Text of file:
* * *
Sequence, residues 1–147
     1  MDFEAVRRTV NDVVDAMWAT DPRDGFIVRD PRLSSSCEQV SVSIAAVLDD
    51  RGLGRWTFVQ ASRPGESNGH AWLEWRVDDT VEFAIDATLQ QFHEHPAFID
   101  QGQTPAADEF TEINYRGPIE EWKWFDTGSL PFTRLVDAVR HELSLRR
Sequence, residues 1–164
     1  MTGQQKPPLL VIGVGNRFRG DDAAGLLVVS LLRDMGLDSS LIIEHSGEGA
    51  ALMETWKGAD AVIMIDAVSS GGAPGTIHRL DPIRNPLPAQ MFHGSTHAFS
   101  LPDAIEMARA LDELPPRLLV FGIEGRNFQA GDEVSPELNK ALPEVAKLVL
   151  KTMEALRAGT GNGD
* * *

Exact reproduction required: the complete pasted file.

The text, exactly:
Sequence, residues 1–147
     1  MDFEAVRRTV NDVVDAMWAT DPRDGFIVRD PRLSSSCEQV SVSIAAVLDD
    51  RGLGRWTFVQ ASRPGESNGH AWLEWRVDDT VEFAIDATLQ QFHEHPAFID
   101  QGQTPAADEF TEINYRGPIE EWKWFDTGSL PFTRLVDAVR HELSLRR
Sequence, residues 1–164
     1  MTGQQKPPLL VIGVGNRFRG DDAAGLLVVS LLRDMGLDSS LIIEHSGEGA
    51  ALMETWKGAD AVIMIDAVSS GGAPGTIHRL DPIRNPLPAQ MFHGSTHAFS
   101  LPDAIEMARA LDELPPRLLV FGIEGRNFQA GDEVSPELNK ALPEVAKLVL
   151  KTMEALRAGT GNGD